Thursday, February 23, 2006
World Council of Churches Concludes Its 9th Assembly On Note of Doing Less, But Doing It Well
Today saw the wrap up of the 9th Assembly of the World Council of Churches. Here are a couple of pieces taken directly from the Assembly web site.
The Assembly is over! Today, most of the 691 delegates from the WCC’s 348 member churches and other participants have already left Porto Alegre. With them, along with papers and multimedia files, they take memories of an intense period of encounter, prayer, and celebration - in morning and evening worship, 90 Bible study groups, and in the 200 workshops and other events making up the Assembly’s parallel mutirão. On another level, the in-depth work done by the Assembly on themes and issues, structures and relationships is likely to impact the WCC fellowship and the wider ecumenical movement for a long time to come.
The World Council of Churches Assembly programme guidelines committee has established four main areas of engagement for the life and work of the organization until the next Assembly: unity, spirituality and mission; ecumenical formation; global justice; and public voice and prophetic witness to the world. Delegates at the 9th Assembly in Porto Alegre, Brazil, affirmed these four areas on Thursday 23 Feb.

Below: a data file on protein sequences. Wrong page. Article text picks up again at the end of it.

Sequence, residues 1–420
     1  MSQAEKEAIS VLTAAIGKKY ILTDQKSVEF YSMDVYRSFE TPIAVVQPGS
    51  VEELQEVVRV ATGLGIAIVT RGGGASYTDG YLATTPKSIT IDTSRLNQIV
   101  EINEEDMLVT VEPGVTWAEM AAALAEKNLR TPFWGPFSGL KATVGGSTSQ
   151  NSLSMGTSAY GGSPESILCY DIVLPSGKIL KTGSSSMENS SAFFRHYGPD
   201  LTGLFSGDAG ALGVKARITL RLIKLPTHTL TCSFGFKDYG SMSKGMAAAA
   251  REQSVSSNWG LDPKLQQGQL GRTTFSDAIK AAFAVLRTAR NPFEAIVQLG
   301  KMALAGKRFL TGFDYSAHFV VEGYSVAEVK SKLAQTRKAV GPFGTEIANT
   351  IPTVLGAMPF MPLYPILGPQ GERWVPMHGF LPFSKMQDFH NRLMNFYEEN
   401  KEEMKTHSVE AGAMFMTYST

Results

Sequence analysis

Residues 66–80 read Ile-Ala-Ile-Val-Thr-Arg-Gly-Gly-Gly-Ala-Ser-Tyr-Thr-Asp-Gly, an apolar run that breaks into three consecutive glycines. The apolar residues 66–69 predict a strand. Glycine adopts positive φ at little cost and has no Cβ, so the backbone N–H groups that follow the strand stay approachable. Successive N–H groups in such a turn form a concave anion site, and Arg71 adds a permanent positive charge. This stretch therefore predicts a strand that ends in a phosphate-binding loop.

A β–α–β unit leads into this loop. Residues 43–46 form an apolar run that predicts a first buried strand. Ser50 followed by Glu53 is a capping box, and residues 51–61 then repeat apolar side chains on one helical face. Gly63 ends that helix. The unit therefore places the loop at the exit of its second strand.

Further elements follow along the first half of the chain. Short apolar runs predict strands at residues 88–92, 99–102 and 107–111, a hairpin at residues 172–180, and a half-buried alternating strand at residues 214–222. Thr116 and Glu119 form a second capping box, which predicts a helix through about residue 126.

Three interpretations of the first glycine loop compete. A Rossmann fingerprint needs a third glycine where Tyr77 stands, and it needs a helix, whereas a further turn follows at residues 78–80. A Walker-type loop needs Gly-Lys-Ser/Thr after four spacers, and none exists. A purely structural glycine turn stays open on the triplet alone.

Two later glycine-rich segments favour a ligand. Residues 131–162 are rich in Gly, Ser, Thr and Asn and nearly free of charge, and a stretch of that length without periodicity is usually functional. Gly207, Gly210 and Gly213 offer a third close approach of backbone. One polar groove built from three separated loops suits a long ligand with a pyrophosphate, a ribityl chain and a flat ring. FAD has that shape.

The central committee mantra of "Do less, do it well" noted earlier by the finance committee was echoed in the programme guidelines. "It is important for us to keep that in mind," Bishop Anders Wejryd, a delegate from the Church of Sweden, said during discussion of the recommendations. "We so easily wish for so much".
Specific actions named in the engagement areas include holding an international Ecumenical Peace Convocation to mark the conclusion of the Decade to Overcome Violence (DOV), undertaking an expanded follow-up of the AGAPE economic justice process, and addressing the "sharp ecclesiological questions" raised in the report of the Special Commission on Orthodox Participation in the WCC.
The report challenges the WCC to be "a strong, credible ethical voice" in the world. It underlines the importance of communications to member churches and to the broader world, doing so "in a timely and imaginative way".